Static tunnel configurations typically require either dedicated equipment (automatic tunnels) or manual configuration (realm-based tunnels). Automatic tunneling has the advantage of using the existing Internet infrastructure to carry intranet traffic, but may require the provisioning of dedicated local access lines and network access equipment, with the associated costs. For example, users might be required to call a specific telephone number in order to connect to a RAS that would automatically tunnel all connections to a particular PPTP server. In realm-based tunneling schemes, the remote access server examines a portion of the user's name (called a realm) to decide where to tunnel the traffic associated with that user.
For example, users in the conglomo.com realm would be tunneled to one destination, while those in the bigco.com realm would be sent somewhere else. Realm-based tunneling is relatively simple to implement, does not require dedicated equipment and (after the initial configuration is complete) has low overhead; however, configuration changes may be expensive and time-consuming. In addition, all traffic for the same realm is tunneled to the same destination, which may be undesirable.
Dynamic Compulsory Tunnels
Dynamic tunnels offer the greatest flexibility of any compulsory tunneling scheme. This is because the choice of tunnel destination is made on a per-user basis, at the time that the user connects to the RAS. Users from the same realm may be tunneled to different destinations depending upon parameters such as user name, department, RAS location, and even the time of day. Dynamic tunneling requires few (if any) modifications to RAS configurations and can be administered from a central site. It is appropriate for implementation on a shared-use network, since neither dedicated-access devices nor phone lines are needed. The down side is that dynamic tunneling requires the RAS to have the ability to obtain session configuration data "on the fly." Fortunately, there are several ways to do this, the most widely supported being through the RADIUS protocol.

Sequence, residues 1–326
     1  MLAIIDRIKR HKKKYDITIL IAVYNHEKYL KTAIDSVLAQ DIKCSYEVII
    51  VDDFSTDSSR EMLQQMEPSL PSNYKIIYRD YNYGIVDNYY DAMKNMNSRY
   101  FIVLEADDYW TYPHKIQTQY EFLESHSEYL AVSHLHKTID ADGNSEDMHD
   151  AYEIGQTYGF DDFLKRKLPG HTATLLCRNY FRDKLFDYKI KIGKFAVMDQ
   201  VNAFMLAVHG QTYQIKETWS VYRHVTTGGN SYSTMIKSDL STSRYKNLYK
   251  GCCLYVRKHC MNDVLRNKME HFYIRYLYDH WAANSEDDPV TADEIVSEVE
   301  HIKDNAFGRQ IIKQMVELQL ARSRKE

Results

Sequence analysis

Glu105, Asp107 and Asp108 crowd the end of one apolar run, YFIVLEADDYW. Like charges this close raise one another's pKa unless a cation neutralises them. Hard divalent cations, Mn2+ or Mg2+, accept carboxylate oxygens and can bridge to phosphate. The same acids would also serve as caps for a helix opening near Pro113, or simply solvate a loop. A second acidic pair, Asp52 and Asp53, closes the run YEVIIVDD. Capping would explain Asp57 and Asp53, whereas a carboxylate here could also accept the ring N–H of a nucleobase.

RADIUS: A Brief Overview
The Remote Authentication Dial In User Service (RADIUS) protocol is currently the most popular method for managing remote user authentication and authorization. RADIUS is a very light-weight, UDP-based protocol.
The following excerpt is from RFC 2058, Remote Authentication Dial In User Service (RADIUS), Rigney et al, January 1997:
"Managing dispersed serial line and modem pools for large numbers of users can create the need for significant administrative support. Since modem pools are by definition a link to the outside world, they require careful attention to security, authorization and accounting. This can be best achieved by managing a single 'database' of users, which allows for authentication (verifying user name and password) as well as configuration information detailing the type of service to deliver to the user (for example, SLIP, PPP, telnet, rlogin).
Key features of RADIUS are:
A Network Access Server (NAS) operates as a client of RADIUS. The client is responsible for passing user information to designated RADIUS servers, and then acting on the response which is returned.
RADIUS servers are responsible for receiving user connection requests, authenticating the user, and then returning all configuration information necessary for the client to deliver service to the user.
A RADIUS server can act as a proxy client to other RADIUS servers or other kinds of authentication servers.
Transactions between the client and RADIUS server are authenticated through the use of a shared secret, which is never sent over the network. In addition, any user passwords are sent encrypted between the client and RADIUS server, to eliminate the possibility that someone snooping on an unsecure network could determine a user's password.
Flexible Authentication Mechanisms
The RADIUS server can support a variety of methods to authenticate a user. When it is provided with the user name and original password given by the user, it can support PPP PAP or CHAP, UNIX login, and other authentication mechanisms.
All transactions are comprised of variable length Attribute-Length-Value 3-tuples. New attribute values can be added without disturbing existing implementations of the protocol.
Because RADIUS is designed to carry authorization data and is widely deployed, it seems reasonable to use it as a means to transfer the information required to set up dynamic tunnels.